Pre-Insolvency – Simple Do’s & Don’ts


Without taking legal advice, the don’ts include:

  1. Not terminating, novating or assigning contracts
  2. Not appointing a new contractor to carry out relevant work
  3. Not paying sub-contractors directly
  4. Not making advance payments or make payments for off-site materials

If the prospect of insolvency looms, it is critical that you have a clear understanding of your contractual rights and obligations, and that you comply with all relevant provisions. Issues related to termination, the appointment of new contractors and payments at this time are fraught with danger and need careful manoeuvring so that common mistakes, such as the termination prior to formal appointment of the administrator/liquidator or termination notice not in accordance with the contract terms and/or issued to the wrong contractual party are not made, which would potentially expose the employer to considerable financial consequences.  

Notwithstanding the above, there are several steps that an employer can take to ready itself for the potential insolvency of a contractor.


  1. Ensure that you have a complete set of contract documents – including warranties and guarantees – it is often the case that these documents are not conveniently stored and /or incomplete which causes problems
  2. Establish a full list of the contractor’s management team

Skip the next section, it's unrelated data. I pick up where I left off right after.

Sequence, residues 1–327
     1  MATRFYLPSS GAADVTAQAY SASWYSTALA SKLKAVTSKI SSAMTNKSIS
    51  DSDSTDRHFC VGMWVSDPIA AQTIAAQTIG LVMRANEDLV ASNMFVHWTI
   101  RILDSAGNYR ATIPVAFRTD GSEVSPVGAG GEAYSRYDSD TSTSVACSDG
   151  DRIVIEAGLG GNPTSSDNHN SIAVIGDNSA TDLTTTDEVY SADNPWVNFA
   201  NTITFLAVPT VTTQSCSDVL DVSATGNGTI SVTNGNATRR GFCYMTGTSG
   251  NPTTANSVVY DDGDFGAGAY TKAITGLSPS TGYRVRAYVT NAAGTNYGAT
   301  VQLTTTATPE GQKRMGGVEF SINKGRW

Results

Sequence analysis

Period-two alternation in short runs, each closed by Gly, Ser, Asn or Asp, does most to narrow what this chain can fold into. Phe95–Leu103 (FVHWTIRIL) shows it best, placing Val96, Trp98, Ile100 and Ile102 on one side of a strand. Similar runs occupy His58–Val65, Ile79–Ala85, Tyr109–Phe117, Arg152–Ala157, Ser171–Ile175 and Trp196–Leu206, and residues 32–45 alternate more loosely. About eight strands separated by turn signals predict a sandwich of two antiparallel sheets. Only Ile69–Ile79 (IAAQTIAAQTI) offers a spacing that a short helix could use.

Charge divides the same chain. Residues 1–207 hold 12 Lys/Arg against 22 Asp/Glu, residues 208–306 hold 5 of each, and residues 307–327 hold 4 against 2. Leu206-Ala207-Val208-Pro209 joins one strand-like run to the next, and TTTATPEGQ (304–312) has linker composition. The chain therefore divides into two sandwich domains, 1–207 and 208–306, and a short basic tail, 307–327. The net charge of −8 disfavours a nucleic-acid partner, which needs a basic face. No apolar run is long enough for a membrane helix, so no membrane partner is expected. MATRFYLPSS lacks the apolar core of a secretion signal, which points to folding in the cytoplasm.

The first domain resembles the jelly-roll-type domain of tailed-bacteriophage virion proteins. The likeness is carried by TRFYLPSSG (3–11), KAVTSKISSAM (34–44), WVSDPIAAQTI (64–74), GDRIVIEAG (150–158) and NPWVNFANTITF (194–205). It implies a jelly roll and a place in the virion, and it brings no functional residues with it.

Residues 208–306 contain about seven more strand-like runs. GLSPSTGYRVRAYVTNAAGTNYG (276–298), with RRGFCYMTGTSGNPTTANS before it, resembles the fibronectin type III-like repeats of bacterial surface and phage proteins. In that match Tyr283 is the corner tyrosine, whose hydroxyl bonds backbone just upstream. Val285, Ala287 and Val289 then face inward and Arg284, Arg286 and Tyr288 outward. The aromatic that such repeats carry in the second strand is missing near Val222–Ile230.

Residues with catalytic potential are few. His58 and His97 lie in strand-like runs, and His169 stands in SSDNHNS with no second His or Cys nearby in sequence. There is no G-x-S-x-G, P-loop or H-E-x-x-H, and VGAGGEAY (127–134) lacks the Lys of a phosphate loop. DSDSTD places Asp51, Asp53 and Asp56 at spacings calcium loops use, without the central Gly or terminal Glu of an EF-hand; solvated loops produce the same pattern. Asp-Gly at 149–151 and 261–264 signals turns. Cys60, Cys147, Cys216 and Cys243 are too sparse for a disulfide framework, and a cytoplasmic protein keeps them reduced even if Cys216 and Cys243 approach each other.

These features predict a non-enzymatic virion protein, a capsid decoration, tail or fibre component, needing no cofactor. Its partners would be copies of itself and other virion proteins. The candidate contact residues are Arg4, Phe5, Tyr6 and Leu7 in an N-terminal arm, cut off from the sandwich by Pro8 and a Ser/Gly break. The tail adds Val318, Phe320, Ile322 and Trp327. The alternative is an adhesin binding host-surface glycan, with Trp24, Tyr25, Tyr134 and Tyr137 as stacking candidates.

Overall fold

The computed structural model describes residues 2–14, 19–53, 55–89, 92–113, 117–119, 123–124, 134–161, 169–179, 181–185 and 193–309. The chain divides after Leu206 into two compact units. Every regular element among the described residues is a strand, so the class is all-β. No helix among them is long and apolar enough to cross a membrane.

3. Identify subcontractors that are critical to the timely completion of the works, check whether you have collateral warranties in place.
  4. Clarify your rights and obligations (in the event of an insolvency) – i.e. do you have step-in rights?
  5. Schedule and, if possible, safeguard any plant, equipment and materials that you have paid for
  6. Get your paperwork in place – instigate full monitoring of progress and determine the scope and value of the work remaining – mark up drawings, take photos, etc.
  7. Prepare a contingency plan in the event of the contractor’s insolvency.

The basis of these steps is to ensure that the employer has a robust contingency plan in place in the event that the contractor becomes insolvent. In order to develop this plan, it is necessary that it has access to all relevant contractual documentation, a working knowledge of key contractual provisions and has a detailed record of the progress of the works and materials/plant that has been paid for.

So, in summary, given that the market is under pressure it is vital that employers remain vigilant, know your contract, and be prepared and ready for a potential insolvency. As we have seen over the years, even the biggest can fail!

If you require any further information, please contact Paul Cacchioli at

[1] GOV.UK Insolvency Service Official Statistics (

it is inevitable that the financial health of all companies will be impacted, and despite best efforts, some will be fatally wounded”
Paul Cacchioli, Director, HKA

This publication presents the views, thoughts or opinions of the author and not necessarily those of HKA. Whilst we take every care to ensure the accuracy of this information at the time of publication, the content is not intended to deal with all aspects of the subject referred to, should not be relied upon and does not constitute advice of any kind. This publication is protected by copyright © 2024 HKA Global Ltd.